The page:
Report: West Side “epicenter” of heroin crisis in Illinois

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Chicago’s West Side has become the “epicenter” for heroin deaths and arrests in the state, according to a Roosevelt University report released last week.

Cook County accounted for more heroin-related deaths than any other part of the state in 2014, with black residents dying at a rate of 9 persons per 100,000 compared to 5.9 per 100,000 for whites, according to the study commissioned by the university.

Heroin deaths, arrests and hospitalizations are largely concentrated on the West and South sides, which comprise the largest black populations in Illinois.

Overdose deaths due to heroin versus other drugs also impact Chicago’s black and Latino populations disproportionately, the data shows. In 2014, heroin accounted for 57 percent of overdose deaths among blacks and 58 percent among Latinos. Among whites, it was 37 percent.

The report, titled “Hidden in Plain Sight: Heroin’s Impact on the West Side,” was released during a press conference at the James R.¬†Thompson Center. A new task force to address the West Side heroin problem was also announced Wednesday.

“We talk about the guns and killings on the street, but if we really want to help the community and police, then we’ll do everything we can to stop the flow of drugs on the West Side of Chicago,” said Austin state Rep. La Shawn Ford, who spearheaded the West Side Heroin Task Force’s creation.

Austin’s Loretto Hospital and West Suburban Medical Center¬†in Oak Park, which also serves Austin, are among the task force members, which include community nonprofits and health agencies.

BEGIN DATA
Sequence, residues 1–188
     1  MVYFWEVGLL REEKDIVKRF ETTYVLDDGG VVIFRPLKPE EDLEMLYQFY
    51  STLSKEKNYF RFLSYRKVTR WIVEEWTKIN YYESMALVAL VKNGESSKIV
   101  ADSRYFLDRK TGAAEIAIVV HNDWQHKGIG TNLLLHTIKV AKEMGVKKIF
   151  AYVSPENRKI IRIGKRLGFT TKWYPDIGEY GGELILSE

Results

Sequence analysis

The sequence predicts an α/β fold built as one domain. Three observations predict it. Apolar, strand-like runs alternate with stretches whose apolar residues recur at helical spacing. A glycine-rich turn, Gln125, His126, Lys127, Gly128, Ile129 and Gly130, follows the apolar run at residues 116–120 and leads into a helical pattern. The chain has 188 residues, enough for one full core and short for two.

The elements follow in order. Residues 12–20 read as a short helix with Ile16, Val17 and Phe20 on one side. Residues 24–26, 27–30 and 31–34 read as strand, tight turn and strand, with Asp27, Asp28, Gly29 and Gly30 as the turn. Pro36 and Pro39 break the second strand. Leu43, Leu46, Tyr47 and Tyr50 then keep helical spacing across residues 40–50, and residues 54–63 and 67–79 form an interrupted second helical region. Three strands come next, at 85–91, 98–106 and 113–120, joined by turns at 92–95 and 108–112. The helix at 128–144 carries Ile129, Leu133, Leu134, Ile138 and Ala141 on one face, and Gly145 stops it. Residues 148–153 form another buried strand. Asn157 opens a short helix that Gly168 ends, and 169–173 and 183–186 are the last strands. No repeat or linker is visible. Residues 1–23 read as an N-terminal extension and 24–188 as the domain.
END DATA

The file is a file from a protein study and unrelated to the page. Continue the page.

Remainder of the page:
Dr. Sonia Mehta, Loretto’s CEO and chief medical officer, said the hospital has seen an increase in heroin hospitalizations on the West Side.

For the city as a whole, about 35 percent of heroin hospitalizations occurred on the West Side, while 20 percent occurred on the South Side and just 7 percent on the North Side. Blacks accounted for 83 percent of the hospital stays on the West Side.

“Some of these patients get re-admitted multiple times,” Mehta said. “That just tells you that treating them in the emergency room is not enough to deal with the crisis.”

The city overall saw a decrease in heroin arrests from 2010 to 2015, but the West Side actually saw an uptick in arrests for heroin possession. North Lawndale, East and West Garfield Park, and Humboldt Park had the highest arrest rates in the city, the report shows.

Austin ranked sixth out of Chicago’s 77 community areas for the highest arrest rates, just behind the South Side’s Fuller Park at No. 5. Austin had a rate of 642 arrests per 100,000 in 2015, while West Garfield Park, No. 1 on the list, had nearly 3,000 arrests.


The report was released Aug. 31 – on International Overdose Awareness Day. The goal of the task force is to raise awareness about the West Side epidemic, Ford said.

The report’s policy recommendations include increasing the number of neighborhood treatment facilities, as well as providing more treatment for prison inmates addicted to heroin.

Ford said there’s $15 million allocated for treatment in the Heroin Crisis Act, which the legislature approved last year over Gov. Bruce Rauner’s veto.

“Today, we’re going to urge the governor and my partners in Springfield to fund HB1 (House Bill 1),” said Ford, who sponsored the legislation.

The report also calls for reducing the charge for possessing small amounts of the drug from a felony to a misdemeanor.

“Imprisoning people with heroin disorders is neither cost effective nor as effective as treatment,” said Kathleen Kane-Willis, director of Illinois Consortium on Drug Policy at Roosevelt University and the report’s author.

A majority of Illinoisians support reducing the drug penalty, Kane-Willis said, citing a poll taken by the American Civil Liberties Union of Illinois last year.

Seventy-eight percent support the felony-to-misdemeanor change, according to a telephone poll of 800 Illinois residents conducted in December 2015.

“We need to rethink our drug penalties,” Kane-Willis said. “If this is ground zero, than we need to think about these solutions because it will save the state money and provide better treatment for everybody.”

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